by Tabitha Sukhai
Here at Dana Walden Jewelry, we take the sourcing of conflict-free diamonds very seriously. But we’ve noticed a trend: Socially-conscious brides are rethinking diamond engagement jewelry and exploring sapphires as an alternative.
At the forefront of timeless-yet-distinctive bridal jewelry design, Dana Walden released THE AURA OF SAPPHIRES, a popular line of ready-to-ship, handmade sapphire engagement rings designed to appeal to the artistic and discerning bride.
Fact is, there’s much more to sapphires than just the deep, blue hues you may be used to seeing. It turns out that sapphires (rated 2nd to diamonds on the Mohs Scale of Hardness) come in an astounding array of shades that are infinitely wearable, and no less luxurious or rare than their diamond counterparts.
For example, shown above are ATHENA and TILLARY. ATHENA is a champagne sapphire set in yellow gold and TILLARY is a deep blue sapphire set in rose gold. You can see how the Dana Walden setting slightly changes to accommodate the shape of each individual gemstone; this is the case for every single piece we make, as every ring is handmade and tailored to the gem being used. As such, every ring by Dana Walden is truly one of a kind.
Some Sapphire Facts
Courtesy of the Gemological Institute of America (GIA):
- Sapphires are in the mineral family Corundum.
- Sapphires can be mined in every color but red (a red stone in the Corundum family is classified as a ruby).
- Non-blue sapphires like the ones featured in our AURA OF SAPPHIRES line of engagement rings are known as “fancy sapphires.”
- Sapphires have a Mohs Scale rating of 9, making them the second hardest gemstone on the scale. Diamonds are the first.
- Sapphires are so durable that synthetic sapphire is often used to construct the windows of spacecraft.
Symbolism & Lore
Blue sapphires are widely known as the birthstone for the month of September. Historically, sapphires have symbolized faithfulness and nobility. Despite the fate of their relationship, the most well-known use of the blue sapphire as a symbol of nobility and romance would probably have to be the oval sapphire engagement ring that Lady Diana Spencer chose to wear when she was engaged to Charles, Prince of Wales in 1981.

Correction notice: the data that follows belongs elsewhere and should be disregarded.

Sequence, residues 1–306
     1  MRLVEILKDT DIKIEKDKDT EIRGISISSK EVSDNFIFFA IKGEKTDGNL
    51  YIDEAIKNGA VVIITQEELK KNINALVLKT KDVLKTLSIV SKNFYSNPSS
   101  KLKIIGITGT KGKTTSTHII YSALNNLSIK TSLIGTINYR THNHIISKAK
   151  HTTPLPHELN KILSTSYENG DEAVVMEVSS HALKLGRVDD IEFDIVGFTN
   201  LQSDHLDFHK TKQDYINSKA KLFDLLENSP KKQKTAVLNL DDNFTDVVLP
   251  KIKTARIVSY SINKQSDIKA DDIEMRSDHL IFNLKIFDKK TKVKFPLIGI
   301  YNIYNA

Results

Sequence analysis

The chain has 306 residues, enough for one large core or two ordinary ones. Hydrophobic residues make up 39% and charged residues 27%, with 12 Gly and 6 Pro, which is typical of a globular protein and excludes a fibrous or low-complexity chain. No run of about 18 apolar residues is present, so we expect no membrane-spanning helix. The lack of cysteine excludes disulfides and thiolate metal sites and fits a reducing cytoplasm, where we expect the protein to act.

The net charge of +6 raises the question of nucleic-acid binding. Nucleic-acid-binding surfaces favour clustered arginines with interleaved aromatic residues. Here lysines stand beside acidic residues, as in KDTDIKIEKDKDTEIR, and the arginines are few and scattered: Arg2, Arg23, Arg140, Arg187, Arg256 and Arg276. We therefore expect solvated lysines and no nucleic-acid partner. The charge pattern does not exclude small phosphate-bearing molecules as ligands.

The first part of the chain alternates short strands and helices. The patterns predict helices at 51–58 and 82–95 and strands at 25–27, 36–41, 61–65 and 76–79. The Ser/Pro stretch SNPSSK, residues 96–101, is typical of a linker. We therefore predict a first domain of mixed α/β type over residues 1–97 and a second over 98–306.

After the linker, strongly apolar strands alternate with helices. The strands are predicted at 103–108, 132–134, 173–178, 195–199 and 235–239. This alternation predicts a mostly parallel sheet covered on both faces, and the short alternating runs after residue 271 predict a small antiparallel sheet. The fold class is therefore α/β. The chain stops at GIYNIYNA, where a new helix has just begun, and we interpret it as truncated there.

At the time, the 12-carat oval blue Ceylon sapphire set in white gold with a white-diamond halo was considered extremely nontraditional for a royal engagement ring, mostly because the design was widely available for retail purchase to anyone who could afford to buy it. The ring was not a family heirloom or custom commission and so many thought the ring to be an inappropriate selection for the occasion. Needless to say, the ring has gone on to become iconic thanks to the popularity of its much-beloved wearer. It seemed that Lady Diana herself truly loved the ring; she continued to wear it even after her divorce. Years later, Prince William would famously propose to now-Princess Kate Middleton with the same ring as a way of keeping his late mother close during wedding festivities and beyond.
Certainly the design has captivated jewelry lovers all over the world and one Dana Walden client even commissioned a modified version of the famous design. LONDON was the result of that project.
Shown: LONDON is the Dana Walden take on the classic and famous “Princess Diana” engagement ring now worn by Kate Middleton. It is priced at $15,000 but a version can be created with a lab-created sapphire for about $6,000. Inquire for more information by emailing firstname.lastname@example.org
Sapphires in 2021: New Classics for a New Generation of Brides
Known for their expertise in handcrafting fine jewelry with responsibly-sourced sapphires of every color, Dana Walden Jewelry is at the forefront of catering to the bride who is seeking a responsibly-sourced ring she can feel good about wearing every single day, as a symbol of her love. Diamonds are engagement ring staples, and that cannot be denied. But many young couples seek a modern, non-diamond alternative.
Enter Dana and Rad Chin of Dana Walden Jewelry, and a breathtaking parcel of fancy sapphires that would become fodder for a new line of timeless-yet-distinctive engagement rings. Fact is, most people want to believe in love and commitment and most people are fine with having talismans and symbols of that love.
Nontraditional brides don’t have to veer all the way over to an overstated cocktail ring when choosing the piece of jewelry they’ll be wearing every day as an engagement ring. Pale sapphires can be a durable and versatile alternative to diamonds.
Imagine with us for a moment, any of these beautifully curated bridal “sets” on your hand. The Pietra Pale Pink Sapphire Ring paired with a Noel rose gold wedding band is a textured and detail-rich pair that is sure to get noticed.
Shown: Pietra Pale Pink Sapphire Ring
Or, consider the pristine and modern Remi Peach-Pink Sapphire paired with a scrolling vine wedding band (the band pictured above is custom). The Zinnia Lilac-Pink Sapphire ring paired with the Arden Eternity Band is all at once lively and colorful while being timeless. And the pale champagne center stone of Athena paired with an altogether classic “plain gold ring” wedding band (Eldridge) juxtaposes details inspired by global design alongside a timeless, American symbol of eternal love.